On Friday, German journalist Michael Götschenberg reported that members of all of Germany's political parties, except for those from the far-right group AfD, had been the victims of a mass cyberattack a few days before Christmas, when a Twitter account leaked hundreds of data online.
“The people behind this want to damage confidence in our democracy and its institutions,” the country's Justice Minister Katarina Barley told ABC News in a statement.
“The perpetrators must now be identified quickly and their potential political motives made clear,” said Barley, adding that the attack was serious.
Among the documents leaked are photo ID cards, letters, invoices, debit and credit card information, phone numbers and addresses. No “politically explosive” documents were published but the damage could come from the number of documents published online, according to Götschenberg.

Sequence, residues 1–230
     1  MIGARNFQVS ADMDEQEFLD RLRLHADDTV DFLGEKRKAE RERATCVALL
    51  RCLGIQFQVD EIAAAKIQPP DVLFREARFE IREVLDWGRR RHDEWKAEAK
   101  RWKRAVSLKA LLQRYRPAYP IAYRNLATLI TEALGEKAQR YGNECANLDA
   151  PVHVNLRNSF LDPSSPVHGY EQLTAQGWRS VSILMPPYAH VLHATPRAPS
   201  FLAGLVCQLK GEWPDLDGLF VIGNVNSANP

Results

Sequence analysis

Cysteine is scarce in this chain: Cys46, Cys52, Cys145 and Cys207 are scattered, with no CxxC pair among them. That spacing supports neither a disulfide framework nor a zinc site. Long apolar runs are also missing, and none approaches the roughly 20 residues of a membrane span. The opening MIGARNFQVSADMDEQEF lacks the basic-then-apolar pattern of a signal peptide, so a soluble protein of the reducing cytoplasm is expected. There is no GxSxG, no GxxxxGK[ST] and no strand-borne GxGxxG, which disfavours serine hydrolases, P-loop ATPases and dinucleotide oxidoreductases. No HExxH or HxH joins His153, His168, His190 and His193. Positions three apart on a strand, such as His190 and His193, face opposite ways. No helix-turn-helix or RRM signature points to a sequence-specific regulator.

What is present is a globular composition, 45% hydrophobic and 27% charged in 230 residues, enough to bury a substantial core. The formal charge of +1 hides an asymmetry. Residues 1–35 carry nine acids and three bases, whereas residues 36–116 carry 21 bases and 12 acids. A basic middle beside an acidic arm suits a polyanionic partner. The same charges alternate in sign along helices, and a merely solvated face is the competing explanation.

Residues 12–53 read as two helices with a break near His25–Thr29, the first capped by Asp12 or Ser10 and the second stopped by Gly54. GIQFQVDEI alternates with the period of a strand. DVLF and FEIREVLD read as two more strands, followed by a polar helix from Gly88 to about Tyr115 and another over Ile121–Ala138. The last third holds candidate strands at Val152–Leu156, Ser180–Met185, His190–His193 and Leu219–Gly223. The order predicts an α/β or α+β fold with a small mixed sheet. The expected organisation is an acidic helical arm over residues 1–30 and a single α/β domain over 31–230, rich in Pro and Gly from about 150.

Among the affected are hundreds of politicians from the left-wing party Die Linke, a spokesperson of the party confirmed to ABC News.
“We strongly condemn this criminal act. We are in close contact with the security authorities,” the spokesperson said.
The documents were first leaked a few days before Christmas by a Twitter account with more than 16,000 followers but they went mostly unnoticed until Thursday evening
It remains unclear who is behind the mass hack attack.
The German Federal Office for Information Security (BSI) wrote on Twitter that they are “currently intensively examining the case in close cooperation with other federal authorities. The National Cyber Defense Center has taken over central coordination.”
The BSI also wrote that the government’s network is not currently affected.
ABC News Sarah Hucal contributed reporting from Berlin.